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Cory Gardner still has no plans for a town hall meeting despite protests

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U.S. Sen. Cory Gardner on Wednesday would not commit to attending a town hall meeting, despite increasing pressure from protesters.

Instead, the Republican senator from Colorado said he will continue to meet with constituents as he travels the state during the February congressional recess and beyond in a less formal environment. Gardner also said telephone town halls are an option.

“I appreciate the people who are expressing their points of view,” Gardner said of the protesters. “Whether they support what the president has done, or whether they oppose what the president has done, it is very good for all of us to hear what is going on.”

The senator pointed to over 100 town halls over the course of his time in office, as well as meetings across all Colorado counties. He said his office has also met with protesters separately.

He said that over the recess he has traveled to Fort Morgan and Burlington in Colorado and that he has plans to visit northern Colorado.

Gardner spoke to reporters for about five minutes following remarks at the Governor’s Forum on Colorado Agriculture, which was held at the Renaissance Denver Stapleton Hotel. Outside the hotel a small group of protesters held signs and waved flags in an effort to catch Gardner’s attention.

Left-leaning groups have scheduled a town hall for Friday in Denver that they had hoped Gardner would attend. It is being framed as an “in absentia” town hall because Gardner does not plan to attend.

“It’s his job to plan a town hall, but since he has not, we will. The fact is we don’t see any other way to connect with him, given how elusive he has become,” said Katie Farnan, an organizer. “We have invited the senator and sincerely hope he will come, but will hold the town hall with or without him.”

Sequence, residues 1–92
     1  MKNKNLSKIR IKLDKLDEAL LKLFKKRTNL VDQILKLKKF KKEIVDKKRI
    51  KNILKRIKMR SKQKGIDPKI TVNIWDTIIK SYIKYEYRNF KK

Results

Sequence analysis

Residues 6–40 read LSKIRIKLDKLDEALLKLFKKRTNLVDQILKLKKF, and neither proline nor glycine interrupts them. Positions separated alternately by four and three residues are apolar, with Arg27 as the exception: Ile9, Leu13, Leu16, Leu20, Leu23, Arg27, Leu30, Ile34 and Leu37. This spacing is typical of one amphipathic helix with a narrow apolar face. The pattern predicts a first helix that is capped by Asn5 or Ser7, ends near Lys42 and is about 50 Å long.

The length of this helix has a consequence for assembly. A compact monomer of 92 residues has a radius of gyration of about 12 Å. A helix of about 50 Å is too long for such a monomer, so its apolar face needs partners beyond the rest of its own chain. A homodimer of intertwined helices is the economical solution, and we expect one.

Similar town halls are being planned by left-leaning groups for other Republican lawmakers from Colorado and across the nation. The movement resembles actions taken by the tea party in the wake of President Obama’s 2008 victory.

Gardner has become a target for activists following the election. Even though Gardner is four years away from re-election, the demonstrations have felt like Gardner is in the midst of a campaign.

Gardner serves as head of the National Republican Senatorial Committee, which has also made him a target both locally and nationally.

One thing protesters are focusing on are sentiments expressed by Gardner that the protests reflect an organized, potentially paid movement to attack Republican lawmakers, though there is little evidence of a widespread paid effort.

While Gardner suggested that he might host a telephone town hall, protesters say that is not sufficient, as they want to have a face-to-face meeting.

But Gardner said telephone town halls allow more flexibility.

“It’s a great opportunity to reach the people across this state,” the senator said. “We try to do it as often as we can. We do it at different times of the day … We can reach out to more people. We take positive questions, we take negative questions – we take them all.”

One of the biggest issues facing Gardner is what will come of federal health care law in America, as Republicans continue their push to replace the Affordable Care Act.

Gardner didn’t rule out a budget reconciliation process in which Republican leaders have proposed an effort to begin repeal of the ACA by blocking a filibuster from Democrats. Much of the reform issue would be addressed during the reconciliation legislative process.

He also said changes could come from the president or through a bipartisan 60 votes in the Senate.

“I believe we can do this and we should do this in a bipartisan fashion,” Gardner said.

Left-leaning groups have been pressuring Republicans to unveil a concrete proposal to replace Obamacare, suggesting that they had several years to come up with a viable option.

Critics of a repeal worry that it would leave people without insurance, especially the poor.

“I believe that we will have a transition in place that will help ensure that people who are on Medicaid will have the opportunity to have the health care that we believe we can deliver in this country,” Gardner said.

As for his relationship with President Trump, Gardner chuckled when asked about the president’s “brash” style of governing. But he is hopeful for a long-term relationship.

In order for this country to be successful, Republicans and Democrats need to work together to make it successful,” Gardner said. “Most Americans believe that this country succeeds when we all succeed, and that’s what we should do working together.”

He sided with the president on stall tactics being used by Democrats to block presidential cabinet appointments. Gardner said it represents the slowest confirmation process since President George Washington.

“That’s not allowing a president to form a government; that’s obstruction,” Gardner said.

But the senator departed from the president on his multi-billion dollar plan to build a wall along the Southern border.

“I don’t think the wall is the best idea,” Gardner said.

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